However, while he’s right to include and emphasize the “Who?” question, by virtually ignoring and mainly critiquing the “Why?” and “How?” enquiries, he runs the risk of confusing people, or even limiting the benefit that they can get from suffering.
Although “Why?” and “How?” are sometimes overemphasized to the exclusion of “Who?” the solution is not to overemphasize “Who?” while shrinking “Why?” and “How?” virtually out of sight. Let’s ask all three together. We might get answers to all three. Or God may choose just to answer one, or even none.
Tullian beautifully explains the necessity of asking the “Who?” question and has some wonderful insights into the way we should do this – worth the price of the book in my opinion. Let me, therefore, conclude this review by explaining the necessity of retaining an equal emphasis on the “Why?” and the “How?” questions.
The “Why?” question
Tullian seems anxious to sever any moral link between sin and suffering. While it is definitely wrong to make infallible links between them, God does link them at times and calls us to search for those links as well. That’s the purpose of his Fatherly chastisement – a word and concept that is surprisingly absent from the book.
Tullian does allow for painful consequences to follow from sin (e.g. a drunk gets cirrhosis of the liver), but that mechanistic cause-and-effect analysis is very different to God actively, lovingly, and painfully intervening in our lives to call us away from our sin and to Himself, a practice I’m sure that Tullian himself practices as a loving Father.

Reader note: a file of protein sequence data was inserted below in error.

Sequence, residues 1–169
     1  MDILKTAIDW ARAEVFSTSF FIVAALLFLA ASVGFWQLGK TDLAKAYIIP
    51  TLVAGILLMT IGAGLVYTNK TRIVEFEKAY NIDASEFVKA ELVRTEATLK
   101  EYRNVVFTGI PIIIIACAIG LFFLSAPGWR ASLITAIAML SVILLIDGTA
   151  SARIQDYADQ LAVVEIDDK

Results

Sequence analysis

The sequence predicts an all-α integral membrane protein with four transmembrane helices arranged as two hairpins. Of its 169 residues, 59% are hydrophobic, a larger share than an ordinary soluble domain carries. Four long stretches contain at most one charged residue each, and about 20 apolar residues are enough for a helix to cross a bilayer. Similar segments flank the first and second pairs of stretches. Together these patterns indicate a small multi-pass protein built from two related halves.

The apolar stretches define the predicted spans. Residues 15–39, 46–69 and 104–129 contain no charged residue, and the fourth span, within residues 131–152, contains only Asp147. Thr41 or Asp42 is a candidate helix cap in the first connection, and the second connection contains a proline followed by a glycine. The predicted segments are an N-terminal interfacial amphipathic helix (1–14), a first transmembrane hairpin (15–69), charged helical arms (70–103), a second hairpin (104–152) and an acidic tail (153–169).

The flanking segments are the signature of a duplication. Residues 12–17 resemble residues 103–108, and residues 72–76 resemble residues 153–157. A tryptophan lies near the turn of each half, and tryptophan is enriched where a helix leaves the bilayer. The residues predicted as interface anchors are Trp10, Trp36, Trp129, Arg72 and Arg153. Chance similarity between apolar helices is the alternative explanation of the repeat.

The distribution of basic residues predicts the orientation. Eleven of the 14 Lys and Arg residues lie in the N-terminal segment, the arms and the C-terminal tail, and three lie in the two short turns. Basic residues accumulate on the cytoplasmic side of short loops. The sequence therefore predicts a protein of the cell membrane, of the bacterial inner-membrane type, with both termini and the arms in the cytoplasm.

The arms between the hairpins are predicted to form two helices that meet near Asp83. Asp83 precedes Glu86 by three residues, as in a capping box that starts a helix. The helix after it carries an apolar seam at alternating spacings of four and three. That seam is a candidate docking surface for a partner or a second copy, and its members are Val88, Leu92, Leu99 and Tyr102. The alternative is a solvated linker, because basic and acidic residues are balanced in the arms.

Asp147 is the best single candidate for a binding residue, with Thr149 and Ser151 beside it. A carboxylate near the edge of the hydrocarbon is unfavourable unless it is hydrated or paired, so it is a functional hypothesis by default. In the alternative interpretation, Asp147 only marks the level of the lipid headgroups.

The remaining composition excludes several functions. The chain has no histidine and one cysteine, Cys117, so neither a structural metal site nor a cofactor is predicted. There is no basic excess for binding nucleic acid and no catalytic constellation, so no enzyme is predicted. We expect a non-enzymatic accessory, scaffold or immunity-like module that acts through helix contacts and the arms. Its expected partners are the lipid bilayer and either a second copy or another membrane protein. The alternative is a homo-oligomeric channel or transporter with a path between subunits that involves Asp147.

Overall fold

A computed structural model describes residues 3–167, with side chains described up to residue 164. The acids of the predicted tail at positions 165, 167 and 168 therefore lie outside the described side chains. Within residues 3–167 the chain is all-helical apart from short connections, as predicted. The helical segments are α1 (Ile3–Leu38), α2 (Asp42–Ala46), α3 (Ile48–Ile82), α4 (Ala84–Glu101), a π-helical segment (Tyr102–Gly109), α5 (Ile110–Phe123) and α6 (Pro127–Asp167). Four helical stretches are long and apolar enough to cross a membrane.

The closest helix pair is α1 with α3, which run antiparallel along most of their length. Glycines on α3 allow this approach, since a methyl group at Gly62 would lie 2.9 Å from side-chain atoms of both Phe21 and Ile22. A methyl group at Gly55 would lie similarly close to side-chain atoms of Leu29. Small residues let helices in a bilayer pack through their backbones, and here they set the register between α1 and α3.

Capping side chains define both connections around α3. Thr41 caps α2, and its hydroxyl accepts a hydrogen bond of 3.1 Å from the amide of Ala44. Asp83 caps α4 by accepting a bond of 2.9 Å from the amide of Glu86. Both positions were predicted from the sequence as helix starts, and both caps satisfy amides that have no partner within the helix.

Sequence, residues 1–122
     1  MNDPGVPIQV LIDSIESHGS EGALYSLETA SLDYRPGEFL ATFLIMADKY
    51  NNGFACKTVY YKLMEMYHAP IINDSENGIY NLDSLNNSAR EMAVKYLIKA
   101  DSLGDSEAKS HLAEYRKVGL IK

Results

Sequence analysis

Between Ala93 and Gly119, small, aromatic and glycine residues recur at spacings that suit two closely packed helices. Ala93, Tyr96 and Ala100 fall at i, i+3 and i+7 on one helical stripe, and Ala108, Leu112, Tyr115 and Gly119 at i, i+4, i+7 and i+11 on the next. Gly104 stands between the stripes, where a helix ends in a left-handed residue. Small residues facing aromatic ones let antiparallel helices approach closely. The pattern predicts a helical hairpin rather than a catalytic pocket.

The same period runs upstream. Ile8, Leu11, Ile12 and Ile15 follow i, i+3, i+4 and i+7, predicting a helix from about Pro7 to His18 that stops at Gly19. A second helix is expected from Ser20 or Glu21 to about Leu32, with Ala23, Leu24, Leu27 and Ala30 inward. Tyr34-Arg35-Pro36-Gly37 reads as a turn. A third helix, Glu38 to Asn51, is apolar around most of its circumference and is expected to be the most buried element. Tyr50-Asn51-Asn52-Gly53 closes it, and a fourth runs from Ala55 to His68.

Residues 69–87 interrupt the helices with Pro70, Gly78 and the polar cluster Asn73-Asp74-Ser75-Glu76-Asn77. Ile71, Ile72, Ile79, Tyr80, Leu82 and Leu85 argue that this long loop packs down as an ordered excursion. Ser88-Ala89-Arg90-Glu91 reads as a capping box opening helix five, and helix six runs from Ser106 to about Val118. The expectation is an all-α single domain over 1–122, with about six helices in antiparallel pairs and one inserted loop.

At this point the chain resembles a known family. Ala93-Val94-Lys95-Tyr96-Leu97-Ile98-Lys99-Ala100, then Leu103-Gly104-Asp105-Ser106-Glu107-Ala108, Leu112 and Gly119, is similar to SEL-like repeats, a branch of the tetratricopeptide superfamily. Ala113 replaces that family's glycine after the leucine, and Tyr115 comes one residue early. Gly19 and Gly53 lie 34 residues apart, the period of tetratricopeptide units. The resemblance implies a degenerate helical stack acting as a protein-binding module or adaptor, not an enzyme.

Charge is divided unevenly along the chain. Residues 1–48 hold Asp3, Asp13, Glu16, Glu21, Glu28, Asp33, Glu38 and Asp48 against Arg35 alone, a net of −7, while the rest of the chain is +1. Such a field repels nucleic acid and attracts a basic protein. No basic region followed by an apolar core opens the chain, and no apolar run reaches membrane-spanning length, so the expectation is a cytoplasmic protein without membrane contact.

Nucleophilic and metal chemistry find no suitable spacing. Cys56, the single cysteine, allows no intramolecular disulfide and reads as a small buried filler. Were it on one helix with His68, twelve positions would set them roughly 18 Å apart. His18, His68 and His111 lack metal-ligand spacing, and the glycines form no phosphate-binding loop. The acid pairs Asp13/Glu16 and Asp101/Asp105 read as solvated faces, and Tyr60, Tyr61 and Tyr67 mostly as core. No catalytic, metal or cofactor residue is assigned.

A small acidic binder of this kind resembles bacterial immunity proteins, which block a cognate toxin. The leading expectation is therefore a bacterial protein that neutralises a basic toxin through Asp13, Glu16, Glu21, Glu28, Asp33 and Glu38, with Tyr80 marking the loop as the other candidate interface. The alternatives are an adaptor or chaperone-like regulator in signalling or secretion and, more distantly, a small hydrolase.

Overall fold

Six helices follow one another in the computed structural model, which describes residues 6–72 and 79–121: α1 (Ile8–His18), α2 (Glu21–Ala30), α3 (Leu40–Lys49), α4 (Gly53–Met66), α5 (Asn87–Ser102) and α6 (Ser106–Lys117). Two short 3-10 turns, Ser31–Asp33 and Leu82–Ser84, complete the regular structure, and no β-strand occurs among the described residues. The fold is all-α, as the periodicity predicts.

The “How?” question”
Again, Tullian is right in saying that an over-hasty run to “How can I get good from this pain?” minimizes the suffering and the potential of learning about God in the suffering.
The Bible, though, does allow and even encourage us to pray, seek, and even work for fruit from our suffering (Heb. 12:10-13, 2 Cor. 3:2-7).
At times Tullian admits that good can come from suffering, but he seems to allow it only if it is not sought for, if it is incidental and almost unconscious; and he seems to limit the fruit to theological knowledge rather than also ethical and moral change in the sufferer.
However, Job used the hope of “coming out of the furnace as gold” to strengthen him and motivate him in his agony (Job 23:10), and Paul expects moral and ethical change to result from our sufferings (Rom. 5:3-5).
I know where Tullian is coming from in his desire to get people away from an exclusive focus on “Why?” and “How?” and to put the “Who?” question center stage. It is well-motivated and pastorally helpful in many situations, especially where there is no answer to “Why?” and “How?”
I also understand that in such a short book, no one could do justice to every aspect of the great mystery of suffering. Tullian admits that his book is limited. However, I think he could have accomplished his goal of getting people more focused on the God who answers the “Who?” question without diminishing and in some ways denouncing the “Why?” and the “How” questions. Can we not add without taking away?
Holding all three together is much more likely to set us free from our sin and liberate us to worship and serve God.